Overdose prevention groups urge health minister to declare emergency

Volunteer-run overdose prevention sites in Ottawa and Toronto are calling on Ontario Health Minister Eric Hoskins to declare a public health emergency over the current opioid crisis, just like the province did at the height of the SARS crisis in 2003.

Overdose Prevention Ottawa and the Toronto Overdose Prevention Society are also asking the province to enact a ministerial order to support the creation of such pop-up sites.

"An emergency declaration and ministerial order will expedite overdose prevention measures on an emergency basis," the groups said in a joint news release Thursday. "Overdose prevention sites, among other measures, are desperately needed in Ontario municipalities."

The sites — one in Ottawa's Raphael Brunet Park and one in Toronto's Moss Park — are currently illegal, but have so far been tolerated so far by their municipalities.

The Ottawa site opened Aug. 25 when harm reduction advocates pitched tents in the Lowertown park. Since then, they said they've received more than 1,100 visits.

Toronto's site, established Aug. 12, has seen more than 1,300 visits. Organizers of both sites say they've been able to intervene in multiple overdoses.

City leaders showing little will to move in on illegal injection tent

Ottawa's mayor, police chief and the city councillor for Rideau-Vanier all say they want the illegal supervised drug injection site operating out of tents in a Lowertown park shut down — but none of them seems to want to take responsibility for making that happen.

Now that a city-run supervised injection site is operating out of an Ottawa Public Health clinic on Clarence Street, Mayor Jim Watson wants the tent site, which is run by volunteers with Overdose Prevention Ottawa, to fold.

"The reality is that we have a legitimate, federally approved, provincially funded, city-operated facility that is safe, that is secure, that is clean, that is run by health professionals, and it's in an appropriate location," Watson told reporters after Wednesday's council meeting.

Safe injection tent stays put after city-run site opens

Organizers of a pop-up supervised injection site plan to keep their location open, despite a threat of police involvement from the area's councillor.

The pop-up site run by volunteers with Overdose Prevention Ottawa operates in Raphael Brunet Park, two blocks away from the city's only sanctioned safe injection site at 179 Clarence St., which opened its doors for the first time Tuesday.

"We're here. We're not going anywhere," said Catherine Hacksel, an organizer with Overdose Prevention Ottawa and a volunteer at the pop-up site. Despite the close proximity of the two sites, she doesn't see them as competitors.

In fact, the pop-up site has boosted the number of volunteers to let drug users who come to their tent know about the city's site because they're likely not aware it exists, she said.

"A lot of folks who access [the tent] space are not going to be staying on top of these things right away. Why we're referring people to the service is we want to get their feedback and we want to encourage them to access new services in the community."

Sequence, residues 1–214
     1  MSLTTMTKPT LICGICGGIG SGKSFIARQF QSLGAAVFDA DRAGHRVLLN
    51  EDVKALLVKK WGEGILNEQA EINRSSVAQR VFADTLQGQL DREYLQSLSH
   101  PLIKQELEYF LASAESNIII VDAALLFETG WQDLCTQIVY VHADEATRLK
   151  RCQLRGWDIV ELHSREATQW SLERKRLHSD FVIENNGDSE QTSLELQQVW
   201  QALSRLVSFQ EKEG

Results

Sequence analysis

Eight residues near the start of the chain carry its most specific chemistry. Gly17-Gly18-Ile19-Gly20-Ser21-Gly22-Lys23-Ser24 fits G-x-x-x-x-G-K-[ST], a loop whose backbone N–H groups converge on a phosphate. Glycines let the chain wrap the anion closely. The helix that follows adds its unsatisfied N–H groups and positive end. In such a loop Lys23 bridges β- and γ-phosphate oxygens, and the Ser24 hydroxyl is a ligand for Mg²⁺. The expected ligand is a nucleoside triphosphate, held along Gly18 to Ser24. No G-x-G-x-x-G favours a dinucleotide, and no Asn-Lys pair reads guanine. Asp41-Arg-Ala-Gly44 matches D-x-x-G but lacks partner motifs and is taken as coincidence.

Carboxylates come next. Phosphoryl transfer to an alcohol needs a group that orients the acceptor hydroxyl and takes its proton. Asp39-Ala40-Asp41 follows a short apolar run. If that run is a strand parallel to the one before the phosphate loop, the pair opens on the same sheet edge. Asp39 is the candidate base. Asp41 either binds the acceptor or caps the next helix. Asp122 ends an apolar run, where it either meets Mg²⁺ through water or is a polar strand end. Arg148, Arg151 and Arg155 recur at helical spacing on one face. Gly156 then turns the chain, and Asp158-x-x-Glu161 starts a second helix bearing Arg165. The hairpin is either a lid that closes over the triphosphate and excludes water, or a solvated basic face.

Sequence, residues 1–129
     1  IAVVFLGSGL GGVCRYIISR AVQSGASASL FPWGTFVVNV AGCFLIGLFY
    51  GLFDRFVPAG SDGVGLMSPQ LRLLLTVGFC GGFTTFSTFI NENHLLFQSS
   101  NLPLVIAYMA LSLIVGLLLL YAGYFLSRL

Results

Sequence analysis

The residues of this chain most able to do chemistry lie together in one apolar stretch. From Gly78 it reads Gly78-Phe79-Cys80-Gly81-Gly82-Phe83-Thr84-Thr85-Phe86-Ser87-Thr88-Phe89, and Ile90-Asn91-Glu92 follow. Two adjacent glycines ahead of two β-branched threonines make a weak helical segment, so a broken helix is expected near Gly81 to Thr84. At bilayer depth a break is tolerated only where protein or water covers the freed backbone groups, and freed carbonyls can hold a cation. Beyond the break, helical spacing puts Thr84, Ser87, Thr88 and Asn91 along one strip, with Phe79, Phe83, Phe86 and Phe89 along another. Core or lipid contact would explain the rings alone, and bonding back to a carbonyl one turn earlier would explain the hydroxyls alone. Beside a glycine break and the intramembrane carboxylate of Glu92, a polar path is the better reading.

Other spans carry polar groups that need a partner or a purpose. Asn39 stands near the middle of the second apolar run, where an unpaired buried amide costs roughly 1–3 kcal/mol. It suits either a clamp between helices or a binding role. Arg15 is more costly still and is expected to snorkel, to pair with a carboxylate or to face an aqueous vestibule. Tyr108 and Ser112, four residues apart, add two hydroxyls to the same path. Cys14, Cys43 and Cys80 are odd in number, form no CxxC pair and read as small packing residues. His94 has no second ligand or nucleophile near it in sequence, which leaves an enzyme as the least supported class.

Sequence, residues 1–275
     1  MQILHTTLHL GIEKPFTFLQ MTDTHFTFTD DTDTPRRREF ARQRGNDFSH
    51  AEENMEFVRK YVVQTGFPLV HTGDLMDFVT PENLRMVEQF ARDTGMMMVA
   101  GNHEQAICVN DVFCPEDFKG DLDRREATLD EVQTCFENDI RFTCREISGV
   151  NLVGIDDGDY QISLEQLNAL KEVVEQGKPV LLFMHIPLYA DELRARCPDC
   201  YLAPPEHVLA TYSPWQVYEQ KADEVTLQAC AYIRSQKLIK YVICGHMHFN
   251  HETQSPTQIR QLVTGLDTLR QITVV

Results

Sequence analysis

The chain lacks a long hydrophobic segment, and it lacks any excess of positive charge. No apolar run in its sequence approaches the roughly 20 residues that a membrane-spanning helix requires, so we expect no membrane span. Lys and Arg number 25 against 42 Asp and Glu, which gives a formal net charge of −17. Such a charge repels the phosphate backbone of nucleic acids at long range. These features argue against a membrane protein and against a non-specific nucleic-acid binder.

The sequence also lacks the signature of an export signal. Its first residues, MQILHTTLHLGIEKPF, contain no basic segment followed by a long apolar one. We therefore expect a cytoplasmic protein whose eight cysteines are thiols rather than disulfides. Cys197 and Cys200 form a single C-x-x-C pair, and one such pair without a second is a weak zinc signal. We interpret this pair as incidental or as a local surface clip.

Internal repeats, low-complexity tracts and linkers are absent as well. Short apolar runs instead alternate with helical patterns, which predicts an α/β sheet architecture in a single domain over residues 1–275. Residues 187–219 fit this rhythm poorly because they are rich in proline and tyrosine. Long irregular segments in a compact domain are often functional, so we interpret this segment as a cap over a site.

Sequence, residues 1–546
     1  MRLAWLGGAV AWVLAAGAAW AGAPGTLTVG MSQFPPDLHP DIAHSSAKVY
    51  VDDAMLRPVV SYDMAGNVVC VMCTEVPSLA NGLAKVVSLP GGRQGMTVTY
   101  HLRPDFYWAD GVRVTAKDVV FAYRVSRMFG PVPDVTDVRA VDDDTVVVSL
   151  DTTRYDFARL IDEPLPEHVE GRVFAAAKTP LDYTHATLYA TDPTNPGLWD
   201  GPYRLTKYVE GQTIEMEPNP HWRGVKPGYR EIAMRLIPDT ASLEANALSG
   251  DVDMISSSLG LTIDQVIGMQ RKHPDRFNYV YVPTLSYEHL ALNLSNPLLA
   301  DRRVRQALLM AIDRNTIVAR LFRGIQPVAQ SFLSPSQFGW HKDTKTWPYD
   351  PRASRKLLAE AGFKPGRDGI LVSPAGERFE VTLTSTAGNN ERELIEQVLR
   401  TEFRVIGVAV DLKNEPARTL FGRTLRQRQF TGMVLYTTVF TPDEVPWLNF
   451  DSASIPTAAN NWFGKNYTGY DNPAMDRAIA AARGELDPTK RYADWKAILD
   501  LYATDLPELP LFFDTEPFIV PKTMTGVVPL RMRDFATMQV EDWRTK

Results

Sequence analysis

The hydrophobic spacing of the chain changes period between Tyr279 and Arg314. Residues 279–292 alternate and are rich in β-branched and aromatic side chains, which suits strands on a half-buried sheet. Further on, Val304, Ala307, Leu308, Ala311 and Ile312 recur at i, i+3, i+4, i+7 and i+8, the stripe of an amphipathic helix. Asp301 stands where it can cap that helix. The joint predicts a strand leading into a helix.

Supervised injection sites offer hope, not just drugs

I can’t believe there is resistance to providing safe injection sites.

I think people have forgotten – or perhaps never considered – that addicts are people. Someone’s daughter, son, brother, sister, cousin, mother, father. Someone who once had hopes and dreams for themselves. Hopes and dreams that got lost in the morass of dependency on drugs. Someone for whom many other people had great hopes and dreams as well. Our job as citizens is to try to ensure that they live to fulfil their dreams.

Individuals who habitually use drugs are not throwaway people. They are real people caught up in the horror of addiction. All along, they have suffered accidental deaths from overdoses. But these days, drug addiction carries with it the real and present danger of dying due to an overdose of unknown quantities of the potent drug, fentanyl, laced into other drugs of choice, or even straight fentanyl.

Safe injection sites have come to Ottawa despite politicians, not because of them

At the start of 2016, it seemed doubtful Ottawa would ever get a supervised drug injection site.

Mayor Jim Watson adamantly opposed the idea. Police Chief Charles Bordeleau had never been on board, citing public safety concerns. Coun. Shad Qadri, who chairs Ottawa's board of health, was no fan either.

Now the city's on the verge of having three injection sites, maybe four.

At 3 p.m. Tuesday, Ottawa's first sanctioned consumption site will open its doors. Next month a more permanent site is set to open at the Sandy Hill Community Health Centre.

Somerset West Community Health Centre and Ottawa Inner City Health, located at the Shepherds of Good Hope, have applied for federal exemptions to open supervised injection sites. Meanwhile Overdose Prevention Ottawa is already operating an illegal yet well-attended tent offering a similar service to drug users, and appears to have little intention of decamping.

It's a dramatic shift in public health policy that happened without — or maybe in spite of — political leadership.

Ottawa's first legal supervised injection site to open amid growing crisis

After years of debate and planning, Ottawa’s first legal supervised injection site prepared to open its doors on in the ByWard Market on Tuesday amid a growing opioid crisis.

Even before the interim site run by Ottawa Public Health saw its first client, though, concerns were being raised that its services would be inadequate to meet the need.

The supervised injection site, which is meant to fill the gap until a permanent site opens in Sandy Hill later this fall, was hurriedly opened by Ottawa Public Health in response to escalating numbers of overdoses in the city in recent months, in part, due to the introduction of fentanyl into the drug supply.

The interim site is also a response to a pop-up site opened — without legal exemption — in August in a Lowertown park. That site, run by the volunteer group Overdose Prevention Ottawa, has had more than 1,000 visits since it opened on Aug. 25.